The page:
Nowadays, technology has the power to change the world due to fast improvements and design. Some major companies though, like Amazon and Facebook, have come under fire because of recent scandals involving the treatment of workers and their influence on politics. But a new generation of budding entrepreneurs are trying to use technology for the greater good, and I interviewed one such individual.
Ritam Gandhi owns Studio Graphene which strives to help companies make their services better through technology. One example of this is Langu whereby teachers and students across the globe can connect via a virtual classroom by using WebRTC and Google documents to operate a whiteboard, including video conferencing. Langu is the first online platform where you can learn a language in a fun and accessible way, and it shows Studio Graphene’s determination to support others. This is why Gandhi began a competition called ‘Build My App’ which lets creators think up an app idea with a charitable cause. Last year’s winner was ‘Signalong’ which uses artificial intelligence and Google Vision technologies to help access the app’s sign language database so that people can take photos of everyday things and learn the correct sign for them. Signalong beat more than 65 entries and was built over the course of three days by a team of project managers and designers at TechXLR8 in London.
Gandhi comments on how he was ‘impressed’ by this start-ups idea and that his team were:
‘delighted to have created this mobile solution that will help a huge number of people with communication difficulties.’
‘Based on the positive response we received to this initiative, Studio Graphene will be looking to launch similar projects over the coming months’.
This year, Gandhi has set out to find something unique for the benefit of wider society and I interviewed him by phone to find out his thoughts on technological engagement and the future of the competition.
As young people tend to have less fixed and more forward-thinking ideologies than the previous generations, I asked him what they can learn from the competition. He explained that ‘more awareness is needed and the studio has a quick turnaround, which is not costly’. Young people can be ‘inspired’ to take part in creative ideas.
I then wanted to find out how one specific demographic can be inspired. As the Government push for more young women to be involved in subjects like the sciences and IT, I asked how the competition will help more girls to be involved? His answer was that it’s not just young women who will be more eager to take on big ideas in the tech world, but that individuals from all demographics will have an opportunity to walk through the door they thought was closed. This he argues, ‘impacts’ all groups and will help create more jobs which can benefit the charity sector.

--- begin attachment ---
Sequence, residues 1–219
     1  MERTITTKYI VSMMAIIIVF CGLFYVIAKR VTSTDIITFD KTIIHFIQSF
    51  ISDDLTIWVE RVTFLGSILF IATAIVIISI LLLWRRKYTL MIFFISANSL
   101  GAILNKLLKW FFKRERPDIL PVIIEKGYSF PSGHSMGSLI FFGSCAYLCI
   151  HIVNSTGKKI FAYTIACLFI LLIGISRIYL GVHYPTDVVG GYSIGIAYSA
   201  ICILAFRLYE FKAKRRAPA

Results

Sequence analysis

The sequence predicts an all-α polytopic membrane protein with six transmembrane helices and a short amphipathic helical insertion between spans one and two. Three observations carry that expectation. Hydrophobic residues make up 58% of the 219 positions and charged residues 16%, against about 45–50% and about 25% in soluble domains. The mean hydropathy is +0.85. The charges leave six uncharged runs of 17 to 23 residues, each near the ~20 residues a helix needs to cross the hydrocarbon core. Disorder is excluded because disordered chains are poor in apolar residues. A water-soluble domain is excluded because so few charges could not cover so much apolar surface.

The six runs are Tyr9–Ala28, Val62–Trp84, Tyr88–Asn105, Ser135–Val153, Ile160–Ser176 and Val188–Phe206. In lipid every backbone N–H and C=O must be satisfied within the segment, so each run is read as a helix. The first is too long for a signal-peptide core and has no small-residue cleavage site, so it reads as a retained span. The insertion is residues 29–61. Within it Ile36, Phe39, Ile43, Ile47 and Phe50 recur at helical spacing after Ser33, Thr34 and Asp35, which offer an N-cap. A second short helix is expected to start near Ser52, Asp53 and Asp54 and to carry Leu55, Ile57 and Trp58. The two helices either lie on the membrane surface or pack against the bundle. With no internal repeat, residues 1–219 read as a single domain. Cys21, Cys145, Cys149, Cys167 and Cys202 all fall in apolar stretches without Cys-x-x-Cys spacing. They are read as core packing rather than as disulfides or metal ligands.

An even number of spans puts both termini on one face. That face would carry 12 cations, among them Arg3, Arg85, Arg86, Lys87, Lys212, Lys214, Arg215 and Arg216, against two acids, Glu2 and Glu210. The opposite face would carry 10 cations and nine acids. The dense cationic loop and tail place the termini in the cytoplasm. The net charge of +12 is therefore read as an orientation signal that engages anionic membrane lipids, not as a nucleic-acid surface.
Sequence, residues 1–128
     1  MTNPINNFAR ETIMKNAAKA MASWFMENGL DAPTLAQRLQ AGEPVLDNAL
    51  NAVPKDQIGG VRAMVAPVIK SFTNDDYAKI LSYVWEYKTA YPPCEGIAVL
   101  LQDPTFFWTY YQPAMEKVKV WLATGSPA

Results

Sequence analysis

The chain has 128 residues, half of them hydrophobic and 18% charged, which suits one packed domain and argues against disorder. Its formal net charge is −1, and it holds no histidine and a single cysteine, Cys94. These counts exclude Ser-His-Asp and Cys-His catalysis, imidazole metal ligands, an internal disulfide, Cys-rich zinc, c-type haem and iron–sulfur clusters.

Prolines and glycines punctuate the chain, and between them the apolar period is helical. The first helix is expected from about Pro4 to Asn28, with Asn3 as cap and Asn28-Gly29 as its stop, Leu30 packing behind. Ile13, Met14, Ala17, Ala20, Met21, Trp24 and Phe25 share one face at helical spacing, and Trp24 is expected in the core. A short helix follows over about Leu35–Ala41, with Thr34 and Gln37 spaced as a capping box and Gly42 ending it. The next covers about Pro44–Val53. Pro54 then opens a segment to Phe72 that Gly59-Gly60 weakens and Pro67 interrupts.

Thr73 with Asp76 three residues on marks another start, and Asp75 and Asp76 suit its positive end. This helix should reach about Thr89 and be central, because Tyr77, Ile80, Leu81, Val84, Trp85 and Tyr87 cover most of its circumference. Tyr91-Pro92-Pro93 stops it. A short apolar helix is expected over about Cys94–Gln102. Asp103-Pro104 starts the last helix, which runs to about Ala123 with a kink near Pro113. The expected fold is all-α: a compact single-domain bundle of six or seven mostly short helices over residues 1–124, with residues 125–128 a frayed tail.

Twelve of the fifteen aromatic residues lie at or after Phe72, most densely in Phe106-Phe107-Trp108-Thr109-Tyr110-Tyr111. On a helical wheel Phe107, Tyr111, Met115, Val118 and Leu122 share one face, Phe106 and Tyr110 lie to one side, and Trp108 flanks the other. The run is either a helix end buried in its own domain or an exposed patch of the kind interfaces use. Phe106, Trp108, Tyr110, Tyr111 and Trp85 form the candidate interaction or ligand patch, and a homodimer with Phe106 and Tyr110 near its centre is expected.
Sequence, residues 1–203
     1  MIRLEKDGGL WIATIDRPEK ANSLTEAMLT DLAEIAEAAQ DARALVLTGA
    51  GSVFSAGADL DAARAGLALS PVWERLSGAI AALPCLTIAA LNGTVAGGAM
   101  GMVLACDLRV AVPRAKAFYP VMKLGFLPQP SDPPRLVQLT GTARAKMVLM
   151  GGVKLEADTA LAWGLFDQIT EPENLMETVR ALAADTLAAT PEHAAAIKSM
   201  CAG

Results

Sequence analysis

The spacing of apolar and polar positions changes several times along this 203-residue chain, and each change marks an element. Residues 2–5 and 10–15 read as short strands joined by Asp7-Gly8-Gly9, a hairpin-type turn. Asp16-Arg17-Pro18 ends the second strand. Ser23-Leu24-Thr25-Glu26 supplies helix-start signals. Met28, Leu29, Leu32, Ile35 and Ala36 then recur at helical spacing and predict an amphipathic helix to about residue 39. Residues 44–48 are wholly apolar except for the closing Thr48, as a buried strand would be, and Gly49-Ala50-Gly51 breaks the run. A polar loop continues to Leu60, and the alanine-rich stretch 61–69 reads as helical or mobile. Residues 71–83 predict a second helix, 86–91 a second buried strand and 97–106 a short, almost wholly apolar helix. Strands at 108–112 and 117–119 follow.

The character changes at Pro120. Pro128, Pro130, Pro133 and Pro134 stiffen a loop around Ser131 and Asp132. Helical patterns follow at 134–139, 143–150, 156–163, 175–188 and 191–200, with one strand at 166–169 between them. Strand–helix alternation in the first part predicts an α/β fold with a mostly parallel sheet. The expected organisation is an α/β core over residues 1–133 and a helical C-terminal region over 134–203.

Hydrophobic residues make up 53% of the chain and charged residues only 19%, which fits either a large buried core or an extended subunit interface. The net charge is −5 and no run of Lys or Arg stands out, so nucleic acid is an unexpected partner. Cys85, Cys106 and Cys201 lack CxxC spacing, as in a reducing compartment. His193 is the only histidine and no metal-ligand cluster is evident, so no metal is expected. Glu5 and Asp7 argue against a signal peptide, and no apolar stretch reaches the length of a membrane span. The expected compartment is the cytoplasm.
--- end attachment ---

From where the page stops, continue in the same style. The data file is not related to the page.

Nevertheless, education is key in getting people to understand the connection between charitable work and technology, so I asked him how this could be initiated. His answer was that:
‘technology can do more to raise awareness as charity work is quite manual, such as doing a lot of admin work. Politicians and the charity sector identify the fact that not enough technology is being used in the charity sector, which can help them deliver their goals. A lot of people can have the chance to use technology for a particular cause but many of them do ask if you can build such an app in a few days? We always assure them that it is just an idea for now and not the be all and end all. We are still restrained by our capabilities’.
The winner of the Build My App competition is an organization called Semble, which aims to support local projects and charities to make a difference in their communities. They do this by connecting them with businesses and people that want to volunteer their time. Examples of their projects include one based in Hackney known as ‘Plastic-Free Hackney’, which consists of a campaign group to tackle plastic waste and circumvent throwaway culture. They want to make Hackney London’s first Plastic Free Community and build more awareness on waste.
Another interesting project is ‘Feed Me Good’ which is a Community Interest Company that provides health and wellbeing services for schools, charities, local councils and housing associations. They help with teaching courses about food hygiene and support both students and clients via consultations and other services. An example of their courses called ‘How to be a Smart Food Shopper’ teaches people to understand how they can improve their knowledge of budgeting when going food shopping, and much more.
‘We are really passionate about creating a safe and fun environment where families and people from all walks of life can come together and build a community. Whereby they can learn new life skills and celebrate food and cultures. We understand the importance of community and how small changes can make a huge impact not only in health and wellbeing but also in being sustainable for the future generations to come’.
Studio Graphene will support Semble to make their service even better to assist more projects and inspire a wider audience.
Learn more about Studio Graphene and Build My App competition here: http://www.studiographene.com/buildmyapp/